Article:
Rep. Adam Schiff (D., Calif.), the chairman of the House Intelligence Committee, admitted Sunday that intelligence proves Iranian responsibility for the recent tanker attacks.
Schiff said the evidence is "very strong and compelling" that Iran is behind the attacks on oil tankers in the Strait of Hormuz, putting him in line with the administration on the facts of the case.
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"There's no question that Iran is behind the attacks. I think the evidence is very strong and compelling," he said. "This was a class-A screw-up by Iran to insert a mine on the ship. It didn't detonate. They had to go back and retrieve it. I can imagine there are some Iranian heads rolling for that botched operation."
However, he said this "solid evidence" was not enough to get buy-in on a united response by the U.S. and its allies. He said America is "isolated" on account of the administration’s policies, and even blamed those policies for Iran’s assaults on commercial transports.
"Our allies warned the United States, I think our intelligence agencies warned policymakers, that this kind of Iranian reaction was likely a result of a policy of withdrawing from the Iran Nuclear Agreement," Schiff said. "So what we see is a split of the US from our allies and we see Russia and China coming together and having Iran's back."
He blamed Trump’s "maximum pressure" strategy for Iran’s aggressive behavior. This sharply conflicts with Secretary of State Mike Pompeo’s assessment of the situation. Pompeo accurately accounted for Iran’s long history of unjustified violence in the Middle East, including meddling in other countries’ affairs and matters of oil trade. Yet for Schiff, American policies have "heightened the risk of conflict."
"For my colleague, Senator Cotton, to advocate that we attack Iran and provoke a war, that there's no Congressional authorization necessary, I think is exactly the wrong answer," Schiff said.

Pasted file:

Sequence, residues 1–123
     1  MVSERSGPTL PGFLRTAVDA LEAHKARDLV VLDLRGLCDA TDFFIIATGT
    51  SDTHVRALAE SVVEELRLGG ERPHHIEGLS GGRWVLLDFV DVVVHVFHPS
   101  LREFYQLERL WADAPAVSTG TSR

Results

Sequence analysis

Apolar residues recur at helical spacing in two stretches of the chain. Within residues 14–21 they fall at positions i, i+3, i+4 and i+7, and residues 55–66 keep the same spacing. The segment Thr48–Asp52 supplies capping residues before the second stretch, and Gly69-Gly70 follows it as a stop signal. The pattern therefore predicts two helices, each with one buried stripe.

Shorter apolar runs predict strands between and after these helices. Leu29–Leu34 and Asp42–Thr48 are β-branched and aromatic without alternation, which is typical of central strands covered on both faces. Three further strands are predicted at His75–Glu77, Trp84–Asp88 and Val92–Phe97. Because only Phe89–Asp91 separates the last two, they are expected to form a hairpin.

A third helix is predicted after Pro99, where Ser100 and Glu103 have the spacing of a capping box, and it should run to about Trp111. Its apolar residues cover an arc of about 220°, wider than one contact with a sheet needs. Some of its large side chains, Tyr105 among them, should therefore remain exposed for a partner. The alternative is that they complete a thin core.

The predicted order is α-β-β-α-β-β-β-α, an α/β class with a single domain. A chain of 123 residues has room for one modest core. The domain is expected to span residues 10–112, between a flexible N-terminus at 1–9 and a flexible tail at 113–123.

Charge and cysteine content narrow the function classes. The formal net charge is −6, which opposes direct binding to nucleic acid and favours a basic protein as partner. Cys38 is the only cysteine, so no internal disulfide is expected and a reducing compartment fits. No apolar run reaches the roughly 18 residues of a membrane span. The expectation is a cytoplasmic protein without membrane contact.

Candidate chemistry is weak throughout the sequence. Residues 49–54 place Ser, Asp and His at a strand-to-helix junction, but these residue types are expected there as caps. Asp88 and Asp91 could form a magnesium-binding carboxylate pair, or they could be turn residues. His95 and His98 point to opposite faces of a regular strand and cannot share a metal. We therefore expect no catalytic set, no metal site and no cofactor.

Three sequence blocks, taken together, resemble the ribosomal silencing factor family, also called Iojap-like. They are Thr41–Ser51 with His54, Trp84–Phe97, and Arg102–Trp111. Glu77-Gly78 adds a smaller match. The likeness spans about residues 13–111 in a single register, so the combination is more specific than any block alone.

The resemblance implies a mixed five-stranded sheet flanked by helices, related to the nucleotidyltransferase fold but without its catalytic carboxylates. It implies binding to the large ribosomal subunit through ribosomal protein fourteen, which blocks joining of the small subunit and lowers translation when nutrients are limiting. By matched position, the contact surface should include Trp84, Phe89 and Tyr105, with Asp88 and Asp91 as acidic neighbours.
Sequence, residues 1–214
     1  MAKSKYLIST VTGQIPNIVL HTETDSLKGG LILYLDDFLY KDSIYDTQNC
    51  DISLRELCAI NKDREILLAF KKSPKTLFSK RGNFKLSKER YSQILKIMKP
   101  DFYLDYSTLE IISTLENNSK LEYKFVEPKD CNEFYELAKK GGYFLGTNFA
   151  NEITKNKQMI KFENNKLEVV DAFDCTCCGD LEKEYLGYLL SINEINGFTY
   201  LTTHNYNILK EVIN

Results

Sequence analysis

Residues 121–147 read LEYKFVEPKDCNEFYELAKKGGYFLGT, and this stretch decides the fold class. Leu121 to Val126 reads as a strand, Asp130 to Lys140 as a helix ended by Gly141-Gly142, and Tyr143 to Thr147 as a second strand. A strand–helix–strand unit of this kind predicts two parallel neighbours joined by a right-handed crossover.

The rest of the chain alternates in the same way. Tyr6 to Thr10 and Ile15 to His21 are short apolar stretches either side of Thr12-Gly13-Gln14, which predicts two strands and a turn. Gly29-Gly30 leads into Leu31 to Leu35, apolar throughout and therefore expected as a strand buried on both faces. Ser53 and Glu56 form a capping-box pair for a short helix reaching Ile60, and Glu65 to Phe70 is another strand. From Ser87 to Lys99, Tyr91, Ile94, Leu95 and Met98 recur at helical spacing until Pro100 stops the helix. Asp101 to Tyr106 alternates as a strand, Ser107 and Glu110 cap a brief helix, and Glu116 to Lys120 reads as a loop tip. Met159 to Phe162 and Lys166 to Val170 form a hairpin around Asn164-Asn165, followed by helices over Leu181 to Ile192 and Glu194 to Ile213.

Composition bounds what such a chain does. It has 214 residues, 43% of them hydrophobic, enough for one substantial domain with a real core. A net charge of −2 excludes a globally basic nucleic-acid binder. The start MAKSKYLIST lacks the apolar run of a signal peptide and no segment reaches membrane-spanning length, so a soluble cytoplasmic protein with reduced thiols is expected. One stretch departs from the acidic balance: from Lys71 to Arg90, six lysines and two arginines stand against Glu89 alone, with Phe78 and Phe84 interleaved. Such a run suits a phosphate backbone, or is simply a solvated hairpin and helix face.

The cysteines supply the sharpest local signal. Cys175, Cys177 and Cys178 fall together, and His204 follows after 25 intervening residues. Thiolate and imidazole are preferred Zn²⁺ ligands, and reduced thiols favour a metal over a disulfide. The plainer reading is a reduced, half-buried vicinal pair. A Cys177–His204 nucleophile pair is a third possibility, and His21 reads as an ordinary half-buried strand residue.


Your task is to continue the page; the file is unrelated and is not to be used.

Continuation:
This appears to mischaracterize Cotton’s position, which is that a retaliatory response is within Trump’s authority and is justified in the case of unprovoked Iranian attacks. He explicitly said he did not advocate starting a full-scale war with Iran.
Going beyond Cotton, Schiff also blamed Pompeo and National Security Advisor John Bolton for supposedly pushing Trump into war with Iran. His substantive criticism of Bolton was not a military decision, however, but merely the imposition of sanctions on Iran.
"Is that an effort to scuttle the president's effort to initiate a dialogue?" Schiff asked about Bolton announcing sanctions.
In an exclusive interview with the Washington Free Beacon, Bolton said Trump's resolve to deter Iran is sure but they are approaching the situation carefully. "It's a very precarious situation," Bolton said.
Schiff finished his comments by supporting the Nuclear Deal that Trump pulled out of, saying Iran’s unprovoked attacks were "foreseeable" and Trump should have treated Iran better.
"This was eminently foreseeable. These attacks on shipping were eminently foreseeable, and the fact that our reneging on the deal hasn't made us safer is part of the proof," Schiff said.